When an immigrant tries to fit into another society and the society remains keen to impose its biased values on them, the cultural clash can give rise to irrational phobias and hatred.The French authorities know well enough how to use this fear of conflict as diversionary tactics in politics. Only the freedom of speech suited to French values is promoted, laws based on social stigmas, disregarding freedom of expression are proposed, and discriminatory ideologies are advocated in the name of equality. All of this displays the recent hypocritical approach that the French government has taken for it’s minorities.
France stands with almost ten percent population of immigrants and a long history of racial and ethnic discrimination. Foreigners are seen as a threat to French values, immigration is often linked with crime, and multiculturalism doesn’t stand out in a good way. Immigrants are told to learn the French language and much of the ‘proper‘ identity is often tied up with historical linguistic domination. All of this and the continuous issue of ethnic profiling of those “others” is felt to be a major role for the bitter relation between the citizens and the State. This leaves the non-white, non-French speaking people vulnerable to hostile prejudices.
This narrative of immigrants not being French enough or civilised enough provides the current governing body sufficient manipulative control to demonstrate its barren hypocrisy. The singular idea of what it means to be French is the basis on which far-right politicians have fought elections and thrived. As a policy, they have been scapegoating the not-French-enough people for all that seems worrying in the society. A threatened and diminishing French culture is presented. The culprits? The people of African and the Arab descent, mostly Muslims.
France, based on the motto of Liberty, Equality and Fraternity has often and also recently showcased its violently grandeur defense on “right to blaspheme” under free speech rights. Amid heightened tensions between the French government and the Muslim world over cartoons, which Muslims consider to be blasphemous, Macron has said “I will always defend in my country the freedom to speak, to write, to think, to draw”. Now, although blasphemy is allowed if done to “others”, you cannot desecrate a French flag in public. Flag desecration includes physically damaging or verbally insulting the flag. This is a form of protest. It can be undertaken by the public to object against another country’s policies or one’s own. If equality and freedom of speech is what the French government embraces, it should let its people speak against the French national anthem or the French flag without being liable to a fine of €7,500 and six month imprisonment. A law makes it a crime to desecrate the French national flag in a public place, but also to distribute images of a flag desecration. It should also be kept in mind that blasphemy and desecration are synonymous.
Recently France has seen the formation of outrageous laws, critics of such draft legislation say it stigmatises the whole of France’s Muslim community. The simple reason is that the crooked monarchical basics of governance do not hold up in contemporary France made up of plural realities. Originally conceived for white, Christian people, the current developments go against France’s minority. Take for instance, the controversial Hijab ban, the French senators’ approval of an amendment to the bill calling for the “prohibition in the public space of any conspicuous religious sign by minors and of any dress or clothing which would signify inferiority of women over men”. The formation of the sentence itself is sickening. To believe that a particular dress is inferior to another, that a piece of clothing that Muslim women around the world take pride in wearing as a symbol of devotion and modesty is not equally representative of choice and their identity is not “French enough” is downright discrimination. The blatant hypocrisy flames up when we compare this with the age of consent for sexual intercourse which is fifteen – opening up speculations if the French governance is supporting what can become legalized pedophilia.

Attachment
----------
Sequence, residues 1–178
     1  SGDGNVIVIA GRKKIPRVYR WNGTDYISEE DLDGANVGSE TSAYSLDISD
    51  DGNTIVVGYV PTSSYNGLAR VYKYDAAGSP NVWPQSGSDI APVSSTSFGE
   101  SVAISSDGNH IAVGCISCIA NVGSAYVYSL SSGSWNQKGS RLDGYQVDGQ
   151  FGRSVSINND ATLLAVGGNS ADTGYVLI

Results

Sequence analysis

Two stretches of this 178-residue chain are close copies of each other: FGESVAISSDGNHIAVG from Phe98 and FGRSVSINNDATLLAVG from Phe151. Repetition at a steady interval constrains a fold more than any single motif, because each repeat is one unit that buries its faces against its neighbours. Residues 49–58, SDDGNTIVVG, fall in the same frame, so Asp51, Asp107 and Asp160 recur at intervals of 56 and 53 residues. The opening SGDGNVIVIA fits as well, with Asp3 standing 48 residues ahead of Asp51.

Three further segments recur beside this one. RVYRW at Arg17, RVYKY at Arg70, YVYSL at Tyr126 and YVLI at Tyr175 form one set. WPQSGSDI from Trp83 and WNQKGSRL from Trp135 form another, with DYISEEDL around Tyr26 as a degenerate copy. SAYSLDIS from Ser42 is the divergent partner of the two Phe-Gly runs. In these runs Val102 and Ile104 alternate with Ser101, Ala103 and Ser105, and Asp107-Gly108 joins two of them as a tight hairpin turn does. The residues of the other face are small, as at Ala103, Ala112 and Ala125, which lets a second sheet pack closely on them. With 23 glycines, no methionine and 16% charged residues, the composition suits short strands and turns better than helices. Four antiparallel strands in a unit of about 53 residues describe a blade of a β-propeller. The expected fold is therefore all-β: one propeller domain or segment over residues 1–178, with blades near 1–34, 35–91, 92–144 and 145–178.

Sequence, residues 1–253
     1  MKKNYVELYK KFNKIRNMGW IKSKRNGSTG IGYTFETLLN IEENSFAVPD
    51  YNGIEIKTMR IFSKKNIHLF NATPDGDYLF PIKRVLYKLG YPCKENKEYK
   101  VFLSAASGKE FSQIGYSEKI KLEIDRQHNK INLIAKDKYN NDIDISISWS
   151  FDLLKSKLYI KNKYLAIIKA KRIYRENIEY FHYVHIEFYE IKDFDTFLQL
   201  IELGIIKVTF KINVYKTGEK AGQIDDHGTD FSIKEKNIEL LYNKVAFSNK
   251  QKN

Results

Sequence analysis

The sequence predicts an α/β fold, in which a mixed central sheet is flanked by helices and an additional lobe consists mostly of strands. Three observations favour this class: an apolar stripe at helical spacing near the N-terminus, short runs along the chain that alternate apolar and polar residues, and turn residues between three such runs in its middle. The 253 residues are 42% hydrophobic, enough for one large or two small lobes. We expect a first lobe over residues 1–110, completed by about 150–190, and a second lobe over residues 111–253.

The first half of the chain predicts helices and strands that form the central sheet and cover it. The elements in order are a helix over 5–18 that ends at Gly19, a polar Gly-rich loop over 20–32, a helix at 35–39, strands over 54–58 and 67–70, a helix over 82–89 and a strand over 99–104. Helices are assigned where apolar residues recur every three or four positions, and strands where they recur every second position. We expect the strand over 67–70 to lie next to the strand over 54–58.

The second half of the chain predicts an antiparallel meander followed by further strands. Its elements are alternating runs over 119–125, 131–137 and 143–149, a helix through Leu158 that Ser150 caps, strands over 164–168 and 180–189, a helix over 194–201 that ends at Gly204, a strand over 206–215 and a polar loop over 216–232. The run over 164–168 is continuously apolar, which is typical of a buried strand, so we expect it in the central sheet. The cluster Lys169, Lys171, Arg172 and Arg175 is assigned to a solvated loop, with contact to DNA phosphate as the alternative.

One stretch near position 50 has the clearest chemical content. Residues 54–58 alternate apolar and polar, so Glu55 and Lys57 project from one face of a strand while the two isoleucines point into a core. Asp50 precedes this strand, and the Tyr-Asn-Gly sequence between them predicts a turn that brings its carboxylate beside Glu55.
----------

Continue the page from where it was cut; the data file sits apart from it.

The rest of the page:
Currently, the French Government’s support for freedom of expression is so wonderful that by the second week of May, French President Emmanuel Macron’s ruling centrist party has barred a Muslim candidate Sara Zemmahi from running in a local election after she was photographed in a hijab for a campaign flyer. Also, France’s Interior minister has asked police to ban a pro-Palestinian protest in Paris against the recent escalation of Israeli air raids in the besieged Palestinian territory of Gaza and crackdowns in the occupied East Jerusalem and West Bank.
The clear problem is France’s inability to recognise Islamophobia and anti-Arab xenophobia as hate speech. Under the disguise of Republican universalism, people’s freedoms of expression are denied. Jérémie Gilbert, Professor of Human Rights Law at Roehampton Law School puts it accurately: “Believe it or not, the idea of equality at all costs has actually been used to oppress minorities. By pretending we are all equal, politicians can ignore the fact that minorities exist“.
Farzan Ghani is a student pursuing English literature from Jamia Millia Islamia.
Edited by: Rutba Iqbal
Disclaimer: The opinions expressed in this publication are those of the author. They do not purport to reflect the opinions or views of The Jamia Review or its members.